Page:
Invisible Obama and Eastwood’s Epic Fail

No matter what your politics, Clint Eastwood talking to a chair was absurd. I’m not talking about what he said or the mismanagement of prime TV real estate by the […]

September 2, 2012 // Tracy Shaffer // No Comments //

No matter what your politics, Clint Eastwood talking to a chair was absurd. I’m not talking about what he said or the mismanagement of prime TV real estate by the RNC, but the fact that an actor of his magnitude went on stage in front of an audience of millions and millions of viewers totally off script is mind-boggling.
The common misconception about actors that we’re all extroverts who can spontaneously extrapolate on any subject at will, but the truth is most of us need a script. The beauty of the art form, and as a director Mr. Eastwood should know this, is that an actor has the ability to go deep into the ideas of the story, wrap themselves in the intricate details of a character and produce an effective rendering of truth from the point of view of his/her character. Of course there are times when improvisation is fitting, mostly in rehearsal. We’ve all heard the stories of the films where it has brought forth brilliant results. Why? Because the actor knows the script and is immersed in the role.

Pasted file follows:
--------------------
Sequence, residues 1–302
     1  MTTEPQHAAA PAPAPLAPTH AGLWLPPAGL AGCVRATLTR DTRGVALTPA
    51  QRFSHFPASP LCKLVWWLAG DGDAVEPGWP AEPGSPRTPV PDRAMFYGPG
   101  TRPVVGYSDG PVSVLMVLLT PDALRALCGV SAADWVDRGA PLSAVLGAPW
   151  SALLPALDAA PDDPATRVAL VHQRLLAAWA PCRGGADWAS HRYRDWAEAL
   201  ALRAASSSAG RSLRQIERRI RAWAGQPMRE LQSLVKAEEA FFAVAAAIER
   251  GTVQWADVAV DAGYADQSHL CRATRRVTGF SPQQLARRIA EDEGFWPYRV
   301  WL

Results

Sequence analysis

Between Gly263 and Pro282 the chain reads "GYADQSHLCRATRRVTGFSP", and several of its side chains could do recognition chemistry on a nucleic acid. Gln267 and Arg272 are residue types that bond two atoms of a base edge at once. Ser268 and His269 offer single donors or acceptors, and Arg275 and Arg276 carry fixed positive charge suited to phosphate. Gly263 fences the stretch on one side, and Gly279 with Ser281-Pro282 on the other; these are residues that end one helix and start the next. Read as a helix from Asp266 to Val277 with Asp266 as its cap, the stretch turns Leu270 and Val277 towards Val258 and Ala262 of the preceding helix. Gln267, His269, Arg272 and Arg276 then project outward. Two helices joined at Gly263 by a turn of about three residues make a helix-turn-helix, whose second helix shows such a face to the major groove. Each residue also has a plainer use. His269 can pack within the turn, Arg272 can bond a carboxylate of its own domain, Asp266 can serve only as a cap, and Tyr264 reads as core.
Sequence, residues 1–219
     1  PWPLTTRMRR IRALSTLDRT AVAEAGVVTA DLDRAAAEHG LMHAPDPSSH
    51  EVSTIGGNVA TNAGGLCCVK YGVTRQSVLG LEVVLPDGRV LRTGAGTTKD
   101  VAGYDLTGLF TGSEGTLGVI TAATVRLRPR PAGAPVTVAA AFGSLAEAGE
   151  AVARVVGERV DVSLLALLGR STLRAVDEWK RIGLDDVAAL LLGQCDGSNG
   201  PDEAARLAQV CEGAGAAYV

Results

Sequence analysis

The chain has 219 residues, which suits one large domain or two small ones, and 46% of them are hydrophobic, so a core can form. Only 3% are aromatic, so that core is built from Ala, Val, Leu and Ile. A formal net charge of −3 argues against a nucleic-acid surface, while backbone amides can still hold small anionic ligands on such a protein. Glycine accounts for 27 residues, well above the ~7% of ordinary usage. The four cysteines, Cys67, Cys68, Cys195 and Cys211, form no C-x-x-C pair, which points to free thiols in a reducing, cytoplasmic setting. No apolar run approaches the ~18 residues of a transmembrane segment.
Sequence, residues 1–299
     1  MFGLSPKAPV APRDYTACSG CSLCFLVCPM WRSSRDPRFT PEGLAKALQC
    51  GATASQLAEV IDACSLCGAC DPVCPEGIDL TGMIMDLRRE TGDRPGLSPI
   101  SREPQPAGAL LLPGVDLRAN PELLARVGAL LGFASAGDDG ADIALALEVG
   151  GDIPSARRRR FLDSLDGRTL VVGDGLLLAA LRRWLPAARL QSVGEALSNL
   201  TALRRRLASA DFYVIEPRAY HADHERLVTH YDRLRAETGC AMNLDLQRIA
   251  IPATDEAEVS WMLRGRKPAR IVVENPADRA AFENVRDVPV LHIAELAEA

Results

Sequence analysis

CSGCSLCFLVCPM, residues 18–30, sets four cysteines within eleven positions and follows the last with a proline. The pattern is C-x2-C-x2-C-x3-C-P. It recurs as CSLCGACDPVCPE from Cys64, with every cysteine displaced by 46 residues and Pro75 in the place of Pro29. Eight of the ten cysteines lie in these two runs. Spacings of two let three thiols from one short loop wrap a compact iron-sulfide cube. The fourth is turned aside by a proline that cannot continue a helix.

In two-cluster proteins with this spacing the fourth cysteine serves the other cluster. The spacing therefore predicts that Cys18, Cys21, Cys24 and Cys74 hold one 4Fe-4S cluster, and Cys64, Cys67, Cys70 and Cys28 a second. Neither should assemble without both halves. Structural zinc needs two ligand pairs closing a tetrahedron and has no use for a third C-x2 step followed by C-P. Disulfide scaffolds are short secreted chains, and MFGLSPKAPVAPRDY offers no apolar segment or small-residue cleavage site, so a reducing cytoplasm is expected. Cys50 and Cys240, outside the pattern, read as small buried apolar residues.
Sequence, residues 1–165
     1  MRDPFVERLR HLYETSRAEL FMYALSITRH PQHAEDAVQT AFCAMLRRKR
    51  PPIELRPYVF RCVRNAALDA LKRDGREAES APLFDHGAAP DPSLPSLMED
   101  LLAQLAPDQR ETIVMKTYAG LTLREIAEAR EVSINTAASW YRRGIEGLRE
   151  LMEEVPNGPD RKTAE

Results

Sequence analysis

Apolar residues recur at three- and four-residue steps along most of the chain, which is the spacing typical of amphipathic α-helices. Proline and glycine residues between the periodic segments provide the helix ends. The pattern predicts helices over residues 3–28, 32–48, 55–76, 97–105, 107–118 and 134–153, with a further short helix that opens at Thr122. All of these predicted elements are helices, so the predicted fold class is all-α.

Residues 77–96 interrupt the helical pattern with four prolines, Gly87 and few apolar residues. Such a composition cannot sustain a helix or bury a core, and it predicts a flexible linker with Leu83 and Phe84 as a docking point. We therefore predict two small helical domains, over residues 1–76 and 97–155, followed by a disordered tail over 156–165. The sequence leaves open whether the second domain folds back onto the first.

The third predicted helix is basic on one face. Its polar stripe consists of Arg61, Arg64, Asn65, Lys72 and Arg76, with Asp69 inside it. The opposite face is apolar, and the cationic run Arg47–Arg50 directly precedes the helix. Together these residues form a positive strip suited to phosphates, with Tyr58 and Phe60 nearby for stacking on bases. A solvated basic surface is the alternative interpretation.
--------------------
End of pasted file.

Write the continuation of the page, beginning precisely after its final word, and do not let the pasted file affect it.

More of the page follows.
I have no doubt that Clint Eastwood’s personal beliefs are very close to those he brought to the Tampa stage and because he wasn’t in character, apparently he thought he could wing it. He could not. His “performance” showed this as he went “Every Which Way But Loose” cannon on the RNC. News reports say his decision to introduce the infamous chair (an old acting school exercise) was a request made in the wings minutes before he made his entrance. If that is so, it speaks to a grand lack of preparation on his part; can you imagine what he would do to an actor who showed up on his set with similar nonchalance?
As an American Icon, I expect more of Clint Eastwood. After decades creating indelible characters, infusing our lexicon and delivering film after film with precision as a brilliant director, I am disappointed that he missed the opportunity to make his points with the well-planned (and rehearsed), scripted and powerful speech he is capable of rather than the bumbling ramblings of doddering old man. Though our opinions may differ on many things, that is a speech I would have loved to have seen.
Note: Unless you are playing the role of Elwood P Dowd in “Harvey”, conversations with invisible friends is a bad idea. Oh, and someone please tell me Clint didn’t see anyone in that chair.


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